Viking Age Iceland – Jesse Byock
Iceland had a highly unusual social order for a European country at the end of the first millennium: ruling chieftains rather than kings or lords; free farmers; rights for women (including the right to demand a divorce from her husband); and an assembly where legal judgements were passed by panels of farmers and laws enforced by the people. As well as portraying life in Early Medieval Iceland, the book starts to examine how and why the country’s legal system and society fell apart in the 13th century.
Katy Oglethorpe, Head of Communications
Blindness – Jose Saramago
The premise of this novel by Nobel-prize Saramago is haunting and simple. A country is struck by a sudden epidemic of blindness. A man loses his sight as he sits at traffic lights. The man who tries to steal his car then goes blind too. As does the doctor who tries to treat them. What follows is the exploration of what happens to a blinded society, led by the blind. Depravity, fear, exploitation and violence. But also hope – in the form of a female, community-based leadership. Parallels to today (or your wished-for tomorrow) at your own discretion. Whatever the case, it’s a wry, moving and brain-shifting book.
Luca Tiratelli, Policy Researcher
A Better Politics: How government can make us happier – Danny Dorling
This book does something bizarrely unusual in British politics – it looks at the evidence of what actually makes human beings happier, and works policies out from that point. Taking this approach opens your mind up to tantalising new possibilities, while makes you question much of the way we normally talk about politics in this country.
Snow – Orhan Pamuk
This is a startlingly ambitious novel, which to some extent, is an effort to tell the entire political story of 20th century Turkey. Its method of doing this is to create characters who represent the ideological and religious forces that have shaped the country, be they nationalists, communists, secularists or Islamists. Through the ways they interact, we see in microcosm how societies are created through the interactions of ideas and communities – and how the ‘whole’ that is a nation is actually something that is in continuous flux, subjected to a never ending process of reimagining as it is buffeted by forces from below.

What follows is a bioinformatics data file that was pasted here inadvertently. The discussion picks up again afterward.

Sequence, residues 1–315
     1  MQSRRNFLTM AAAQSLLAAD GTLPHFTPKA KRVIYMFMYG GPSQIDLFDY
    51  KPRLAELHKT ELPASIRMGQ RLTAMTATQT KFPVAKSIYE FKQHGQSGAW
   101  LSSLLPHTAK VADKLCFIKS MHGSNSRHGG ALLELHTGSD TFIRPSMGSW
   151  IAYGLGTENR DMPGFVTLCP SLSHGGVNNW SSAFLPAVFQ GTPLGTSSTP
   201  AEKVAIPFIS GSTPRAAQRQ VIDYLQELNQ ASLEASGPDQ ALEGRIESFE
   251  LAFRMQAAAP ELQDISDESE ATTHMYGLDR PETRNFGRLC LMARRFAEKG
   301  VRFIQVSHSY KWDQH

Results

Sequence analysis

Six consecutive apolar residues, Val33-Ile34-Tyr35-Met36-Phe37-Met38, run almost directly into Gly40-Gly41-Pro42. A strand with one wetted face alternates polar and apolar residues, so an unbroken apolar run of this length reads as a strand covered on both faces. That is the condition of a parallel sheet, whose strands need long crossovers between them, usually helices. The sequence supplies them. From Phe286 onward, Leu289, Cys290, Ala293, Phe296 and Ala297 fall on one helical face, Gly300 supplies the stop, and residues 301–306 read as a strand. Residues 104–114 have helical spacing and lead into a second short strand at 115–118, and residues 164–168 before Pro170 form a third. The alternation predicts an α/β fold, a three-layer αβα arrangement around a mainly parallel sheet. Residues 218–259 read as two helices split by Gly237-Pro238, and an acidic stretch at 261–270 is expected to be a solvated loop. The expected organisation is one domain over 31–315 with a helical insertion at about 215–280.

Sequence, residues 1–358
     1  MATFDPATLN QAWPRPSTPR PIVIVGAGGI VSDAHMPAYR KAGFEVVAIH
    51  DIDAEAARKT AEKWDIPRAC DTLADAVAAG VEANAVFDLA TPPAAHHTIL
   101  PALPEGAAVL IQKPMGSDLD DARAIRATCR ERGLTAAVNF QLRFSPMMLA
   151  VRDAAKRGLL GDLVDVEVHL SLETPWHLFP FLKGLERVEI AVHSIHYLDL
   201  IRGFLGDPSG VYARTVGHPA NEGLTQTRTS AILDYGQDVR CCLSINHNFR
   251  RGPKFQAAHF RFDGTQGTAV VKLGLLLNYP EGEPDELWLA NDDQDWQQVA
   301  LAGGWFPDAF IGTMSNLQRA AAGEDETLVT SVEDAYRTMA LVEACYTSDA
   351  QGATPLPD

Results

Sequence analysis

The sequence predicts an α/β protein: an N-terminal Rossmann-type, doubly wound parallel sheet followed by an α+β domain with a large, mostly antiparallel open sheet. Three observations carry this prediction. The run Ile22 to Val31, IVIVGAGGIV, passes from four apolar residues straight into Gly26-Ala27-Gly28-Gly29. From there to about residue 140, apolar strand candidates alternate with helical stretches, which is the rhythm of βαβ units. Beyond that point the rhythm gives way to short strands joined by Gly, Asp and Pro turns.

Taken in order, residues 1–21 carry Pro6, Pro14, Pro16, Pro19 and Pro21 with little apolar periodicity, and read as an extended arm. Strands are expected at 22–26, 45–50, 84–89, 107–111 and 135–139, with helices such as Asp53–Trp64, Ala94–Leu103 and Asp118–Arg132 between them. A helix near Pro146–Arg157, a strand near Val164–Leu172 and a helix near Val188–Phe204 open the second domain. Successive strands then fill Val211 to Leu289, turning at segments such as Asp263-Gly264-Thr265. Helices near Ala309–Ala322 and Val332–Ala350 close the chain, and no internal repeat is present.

Rich Nelmes, Head of Network
The Giant Jam Sandwich – John Vernon Lord
“One hot summer in Itching Down, four million wasps flew into town…”. Thus begins this wonderful children’s tale in which quirky townsfolk eradicate said wasps by squishing them in them all in the titular giant sandwich. Intentionally or not (…and I suspect not), this story has Community Paradigm, asset-based approaches and new deliberative mechanisms at its core. Everyone in the village contributes their expertise, resources and energy in a process that’s kicked-off by the local council. Yes, it’s not the most intellectual book on this list but it’s the only one me and my two-year-old know by heart (plus John Vernon Lord’s illustrations are inspired!).